“Her mixed media works seep with raw, personal history, exuding a sense of long, longing and an ultimate conviction in renewal.  New York City art critics have described her work as, ‘mired in matter, their power emanating from their very physical palpability and the artist’s unique way of imbuing the actual with its own transcendent mystery.  Humanoid-like beings are often sculpted and sutured into a surface smeared with sensuously tactile impasto, clotted paint and found objects in a manner at once funky and oddly elegant to reflect the human condition, all of its crags and crevices, what we want others to see and what we hide.’”

Unearthly Misfit, 2013, 45x51x5 inches, mixed media, burlap and objects

Click on the slideshow to see more works by Kathryn Hart

Gilda Oliver at Nina Torres Fine Art

In partnership with the artist Gilda Oliver we are pleased to offer a slideshow of the artist’s works being presented at Nina Torres Fine Art in Miami.  Please read on for more information:

Gilda Oliver, Elusive Care, 6 x 6 feet

Gilda Oliver is an internationally recognized artist and cultural animator whose projects integrate children and adults for community building. Her solo show “The Path”  at Nina Torres in Miami continues her journey in art – drawing inspiration from Kandinsky and Mondrian.  Abstraction recapitulates multiculturalism. The Nina Torres gallery promotes cultural exchange through contemporary art exhibitions. For  Gilda Oliver’s review in July/August 2014 issue -International Alternatives Investor’s Review Magazine follow link .  Fine Arts Magazine – 2014 issue

Gilda Oliver is represented by Nina Torres Gallery -Miami, Loveed Fine Arts- New York & 25Kadr gallery-Moscow-

Click on the link to view the slideshow

GALERIE KLÜSER at Art Basel 2014

In partnership with GALERIE KLÜSER we are pleased to offer a slideshow of works that the gallery will be presenting at this year’s Art Basel. The gallery explains:

Intensive co-operations with artists like Joseph Beuys, Andy Warhol, Tony Cragg and Sean Scully have determined the gallery profile as much as numerous exhibitions with Christian Boltanski, Mimmo Paladino, Julião Sarmento, Donald Baechler, Jan Fabre, Olaf Metzel and others. One man shows featured the oeuvre of more classic artists such as E.W. Nay and Francis Picabia, as well as the following generation i.e. Gilbert+George, Cindy Sherman and Stephan Balkenhol.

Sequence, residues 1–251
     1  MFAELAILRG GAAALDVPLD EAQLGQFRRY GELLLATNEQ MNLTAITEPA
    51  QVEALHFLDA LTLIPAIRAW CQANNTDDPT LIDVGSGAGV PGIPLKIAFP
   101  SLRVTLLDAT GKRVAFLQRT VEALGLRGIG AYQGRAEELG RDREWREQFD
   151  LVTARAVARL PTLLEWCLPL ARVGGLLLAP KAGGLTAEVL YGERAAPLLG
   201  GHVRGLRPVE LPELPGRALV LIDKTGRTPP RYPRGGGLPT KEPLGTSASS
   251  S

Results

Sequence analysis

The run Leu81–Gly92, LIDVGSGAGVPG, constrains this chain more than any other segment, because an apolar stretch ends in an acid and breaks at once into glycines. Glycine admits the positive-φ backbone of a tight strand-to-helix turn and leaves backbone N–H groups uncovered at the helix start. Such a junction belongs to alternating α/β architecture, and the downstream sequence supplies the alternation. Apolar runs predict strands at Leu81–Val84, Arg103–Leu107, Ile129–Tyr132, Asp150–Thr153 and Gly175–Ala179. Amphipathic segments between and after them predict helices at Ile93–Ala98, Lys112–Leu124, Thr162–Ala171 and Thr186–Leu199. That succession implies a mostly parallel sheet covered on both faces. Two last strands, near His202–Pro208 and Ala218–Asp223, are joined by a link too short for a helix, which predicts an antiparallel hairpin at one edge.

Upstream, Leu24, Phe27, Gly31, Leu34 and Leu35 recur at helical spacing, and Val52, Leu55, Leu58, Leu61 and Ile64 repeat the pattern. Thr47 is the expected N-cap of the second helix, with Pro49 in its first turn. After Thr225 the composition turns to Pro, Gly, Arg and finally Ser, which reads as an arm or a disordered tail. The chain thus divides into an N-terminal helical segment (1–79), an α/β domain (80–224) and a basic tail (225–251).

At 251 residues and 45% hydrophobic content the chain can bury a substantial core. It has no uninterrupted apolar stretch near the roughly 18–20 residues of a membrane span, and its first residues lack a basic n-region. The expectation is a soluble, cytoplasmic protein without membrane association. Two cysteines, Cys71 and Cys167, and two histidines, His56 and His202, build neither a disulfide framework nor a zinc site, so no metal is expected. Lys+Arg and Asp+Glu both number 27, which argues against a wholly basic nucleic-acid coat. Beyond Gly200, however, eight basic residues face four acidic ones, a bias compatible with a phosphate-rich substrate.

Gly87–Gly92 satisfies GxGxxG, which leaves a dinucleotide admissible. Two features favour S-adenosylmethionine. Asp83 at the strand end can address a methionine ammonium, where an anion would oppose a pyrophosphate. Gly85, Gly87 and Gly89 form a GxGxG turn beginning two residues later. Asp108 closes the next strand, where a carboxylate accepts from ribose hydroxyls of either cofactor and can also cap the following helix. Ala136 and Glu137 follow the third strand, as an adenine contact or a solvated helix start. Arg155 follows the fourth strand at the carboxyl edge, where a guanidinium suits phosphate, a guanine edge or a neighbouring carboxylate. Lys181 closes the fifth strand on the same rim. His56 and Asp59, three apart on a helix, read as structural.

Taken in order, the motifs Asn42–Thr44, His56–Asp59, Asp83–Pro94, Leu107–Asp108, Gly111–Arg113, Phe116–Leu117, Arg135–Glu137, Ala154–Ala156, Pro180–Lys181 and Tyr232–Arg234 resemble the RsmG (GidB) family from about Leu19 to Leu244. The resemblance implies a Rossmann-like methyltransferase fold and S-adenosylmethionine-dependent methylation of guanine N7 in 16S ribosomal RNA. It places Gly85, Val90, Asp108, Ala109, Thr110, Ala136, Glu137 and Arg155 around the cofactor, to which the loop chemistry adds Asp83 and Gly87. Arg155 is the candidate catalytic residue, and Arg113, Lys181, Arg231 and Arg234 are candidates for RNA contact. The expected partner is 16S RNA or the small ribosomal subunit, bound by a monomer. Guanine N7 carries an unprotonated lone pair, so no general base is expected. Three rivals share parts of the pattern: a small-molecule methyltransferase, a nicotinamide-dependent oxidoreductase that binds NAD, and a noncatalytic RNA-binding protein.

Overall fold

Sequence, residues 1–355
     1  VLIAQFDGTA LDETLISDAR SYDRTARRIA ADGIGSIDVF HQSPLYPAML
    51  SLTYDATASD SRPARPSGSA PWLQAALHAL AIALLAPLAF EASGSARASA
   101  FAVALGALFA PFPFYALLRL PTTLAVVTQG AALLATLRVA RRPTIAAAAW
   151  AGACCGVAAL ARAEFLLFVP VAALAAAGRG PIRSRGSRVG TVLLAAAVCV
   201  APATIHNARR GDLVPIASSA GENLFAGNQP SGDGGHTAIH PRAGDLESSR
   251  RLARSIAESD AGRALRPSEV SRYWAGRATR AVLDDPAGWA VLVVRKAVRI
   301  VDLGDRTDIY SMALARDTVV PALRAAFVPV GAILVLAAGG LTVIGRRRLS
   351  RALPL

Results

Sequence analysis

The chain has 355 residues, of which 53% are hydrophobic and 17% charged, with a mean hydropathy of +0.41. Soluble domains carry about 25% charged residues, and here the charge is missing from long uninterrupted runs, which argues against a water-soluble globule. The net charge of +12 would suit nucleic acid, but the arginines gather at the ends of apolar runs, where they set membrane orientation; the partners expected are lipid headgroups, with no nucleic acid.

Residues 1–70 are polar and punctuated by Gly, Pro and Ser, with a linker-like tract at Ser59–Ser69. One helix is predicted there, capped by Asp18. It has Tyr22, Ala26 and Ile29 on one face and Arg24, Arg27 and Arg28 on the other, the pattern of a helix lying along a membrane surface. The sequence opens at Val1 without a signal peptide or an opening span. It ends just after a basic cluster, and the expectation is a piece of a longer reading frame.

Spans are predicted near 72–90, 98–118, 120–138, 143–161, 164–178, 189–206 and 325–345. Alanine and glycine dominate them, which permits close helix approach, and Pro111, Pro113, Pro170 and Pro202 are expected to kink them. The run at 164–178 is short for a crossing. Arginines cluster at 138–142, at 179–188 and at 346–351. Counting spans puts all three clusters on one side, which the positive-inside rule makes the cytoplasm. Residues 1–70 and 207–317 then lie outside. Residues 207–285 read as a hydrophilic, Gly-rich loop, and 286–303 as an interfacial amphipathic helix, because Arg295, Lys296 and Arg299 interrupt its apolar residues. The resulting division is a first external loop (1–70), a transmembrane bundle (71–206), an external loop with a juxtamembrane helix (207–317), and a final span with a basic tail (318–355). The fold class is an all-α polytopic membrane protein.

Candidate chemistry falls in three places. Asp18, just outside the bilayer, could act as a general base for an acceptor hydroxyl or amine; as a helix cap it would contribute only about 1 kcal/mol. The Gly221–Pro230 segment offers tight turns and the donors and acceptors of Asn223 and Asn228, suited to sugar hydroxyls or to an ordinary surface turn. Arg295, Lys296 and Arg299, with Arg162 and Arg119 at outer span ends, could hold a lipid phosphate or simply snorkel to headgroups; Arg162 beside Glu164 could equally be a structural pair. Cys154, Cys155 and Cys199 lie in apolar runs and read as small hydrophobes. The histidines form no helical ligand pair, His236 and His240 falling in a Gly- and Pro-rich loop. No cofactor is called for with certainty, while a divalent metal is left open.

Since the opening of our additional exhibition space Galerie Klüser 2 in 2002 there has also been a rising focus on younger artists like Jorinde Voigt, Isca Greenfield- Sanders, Conrad Shawcross and David Godbold, who could be introduced successfully in one man shows, others debuted in group- or thematic exhibitions.

Since more than 30 years, we are publishing multiples and editions of internationally reknown artists. Numerous publications have been produced often in co-operation with museums.

The gallery is in existence sind 1978.

Installation view

Click on the slideshow to see more works from the gallery

Barry Frydlender on view at Andrea Meislin Gallery

In partnership with the gallery, we are pleased to offer a slideshow of works from Barry Frydlender’s most recent body of work Yaffo – Tel Aviv on view at Andrea Meislin Gallery through June 21, 2014. See the complete press release HERE.

Rehearsal, 2011-2014 courtesy of Barry Frydlender and Andrea Meislin gallery

Frydlender’s Yaffo – Tel Aviv features 8 large-scale color photographs created between 1998 and 2014 that illustrate the shifting and merging skylines of the cities of Jaffa and Tel Aviv. The exhibition marks Frydlender’s first exclusive look at the Israeli skyline since his solo-exhibition at MoMA in 2007.

Compressing 16 years into 6 brand new photographs seems a feat impossible to accomplish; except for Frydlender’s method.

Digitally stitching together moments and events from the view of his home-studio window with his camera lens, Frydlender constructs each image from hundreds of individual frames, which, ultimately, result in cinemascopic panoramas (a process measured in multiples of months).

Frydlender builds the pictures as the Israelis build their skyscrapers, to an extraordinary and thought-provoking end.

Click on the link to see more works in the exhibition.

Red Tape at Gazelli Art House

In partnership with Gazelli Art House we are pleased to offer a slideshow of works from the gallery’s current exhibition “Red Tape″ on view from March 14 – May 4, 2014. The gallery explains:

Stanley Casselman, Inhaling Richter #44-1, 2014, acrylic on canvas, 165 x 165cm

Until 4 May Gazelli Art House presents a diverse outlook on the crossover between classical fine art and new media. Red Tape features new works by New York-based artist Stanley Casselman (America) and London-based artist Hyo Myoung Kim (South Korea), drawing on the cyclical nature of creative input and output. By referencing the predecessors, the exhibition questions how far can contemporary techniques overtake and outweigh that which was created and explored in the past – is it all a matter of conceptual strength backing a familiar image, or do we require a complete break away from tradition and the mundane?

Click on the link to see more works from the exhibition